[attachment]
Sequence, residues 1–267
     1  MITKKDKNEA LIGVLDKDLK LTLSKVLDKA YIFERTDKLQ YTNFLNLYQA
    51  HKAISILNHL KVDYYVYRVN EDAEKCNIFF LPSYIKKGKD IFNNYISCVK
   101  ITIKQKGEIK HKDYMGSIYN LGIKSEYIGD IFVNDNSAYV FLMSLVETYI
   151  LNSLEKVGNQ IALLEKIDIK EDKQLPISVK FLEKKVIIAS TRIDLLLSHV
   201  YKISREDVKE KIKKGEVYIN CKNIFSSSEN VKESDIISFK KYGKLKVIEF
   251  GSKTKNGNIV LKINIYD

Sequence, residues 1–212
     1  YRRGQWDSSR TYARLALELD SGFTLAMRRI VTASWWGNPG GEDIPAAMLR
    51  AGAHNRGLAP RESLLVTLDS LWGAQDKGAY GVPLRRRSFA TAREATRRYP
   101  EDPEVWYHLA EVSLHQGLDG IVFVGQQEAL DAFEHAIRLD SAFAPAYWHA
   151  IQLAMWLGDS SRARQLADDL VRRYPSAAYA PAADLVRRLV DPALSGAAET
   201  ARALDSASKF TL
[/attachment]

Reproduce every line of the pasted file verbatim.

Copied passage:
Sequence, residues 1–267
     1  MITKKDKNEA LIGVLDKDLK LTLSKVLDKA YIFERTDKLQ YTNFLNLYQA
    51  HKAISILNHL KVDYYVYRVN EDAEKCNIFF LPSYIKKGKD IFNNYISCVK
   101  ITIKQKGEIK HKDYMGSIYN LGIKSEYIGD IFVNDNSAYV FLMSLVETYI
   151  LNSLEKVGNQ IALLEKIDIK EDKQLPISVK FLEKKVIIAS TRIDLLLSHV
   201  YKISREDVKE KIKKGEVYIN CKNIFSSSEN VKESDIISFK KYGKLKVIEF
   251  GSKTKNGNIV LKINIYD

Sequence, residues 1–212
     1  YRRGQWDSSR TYARLALELD SGFTLAMRRI VTASWWGNPG GEDIPAAMLR
    51  AGAHNRGLAP RESLLVTLDS LWGAQDKGAY GVPLRRRSFA TAREATRRYP
   101  EDPEVWYHLA EVSLHQGLDG IVFVGQQEAL DAFEHAIRLD SAFAPAYWHA
   151  IQLAMWLGDS SRARQLADDL VRRYPSAAYA PAADLVRRLV DPALSGAAET
   201  ARALDSASKF TL